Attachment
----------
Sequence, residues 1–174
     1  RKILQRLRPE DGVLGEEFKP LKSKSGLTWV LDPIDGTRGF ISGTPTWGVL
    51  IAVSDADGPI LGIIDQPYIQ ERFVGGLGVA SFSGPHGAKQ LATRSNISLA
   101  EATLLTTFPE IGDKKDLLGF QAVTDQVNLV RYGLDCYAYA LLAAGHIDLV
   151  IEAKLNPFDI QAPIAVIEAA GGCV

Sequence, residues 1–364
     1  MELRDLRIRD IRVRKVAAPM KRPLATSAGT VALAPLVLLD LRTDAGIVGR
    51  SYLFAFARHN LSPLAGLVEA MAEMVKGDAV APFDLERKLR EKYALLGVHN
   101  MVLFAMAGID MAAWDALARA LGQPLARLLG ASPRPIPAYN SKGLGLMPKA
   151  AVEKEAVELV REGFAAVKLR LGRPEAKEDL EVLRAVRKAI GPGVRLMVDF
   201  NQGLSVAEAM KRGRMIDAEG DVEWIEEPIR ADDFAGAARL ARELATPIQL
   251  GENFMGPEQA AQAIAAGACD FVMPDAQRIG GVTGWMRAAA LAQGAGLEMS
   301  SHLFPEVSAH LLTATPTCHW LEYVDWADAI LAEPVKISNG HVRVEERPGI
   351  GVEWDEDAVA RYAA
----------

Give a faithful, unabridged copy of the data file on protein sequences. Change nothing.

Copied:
Sequence, residues 1–174
     1  RKILQRLRPE DGVLGEEFKP LKSKSGLTWV LDPIDGTRGF ISGTPTWGVL
    51  IAVSDADGPI LGIIDQPYIQ ERFVGGLGVA SFSGPHGAKQ LATRSNISLA
   101  EATLLTTFPE IGDKKDLLGF QAVTDQVNLV RYGLDCYAYA LLAAGHIDLV
   151  IEAKLNPFDI QAPIAVIEAA GGCV

Sequence, residues 1–364
     1  MELRDLRIRD IRVRKVAAPM KRPLATSAGT VALAPLVLLD LRTDAGIVGR
    51  SYLFAFARHN LSPLAGLVEA MAEMVKGDAV APFDLERKLR EKYALLGVHN
   101  MVLFAMAGID MAAWDALARA LGQPLARLLG ASPRPIPAYN SKGLGLMPKA
   151  AVEKEAVELV REGFAAVKLR LGRPEAKEDL EVLRAVRKAI GPGVRLMVDF
   201  NQGLSVAEAM KRGRMIDAEG DVEWIEEPIR ADDFAGAARL ARELATPIQL
   251  GENFMGPEQA AQAIAAGACD FVMPDAQRIG GVTGWMRAAA LAQGAGLEMS
   301  SHLFPEVSAH LLTATPTCHW LEYVDWADAI LAEPVKISNG HVRVEERPGI
   351  GVEWDEDAVA RYAA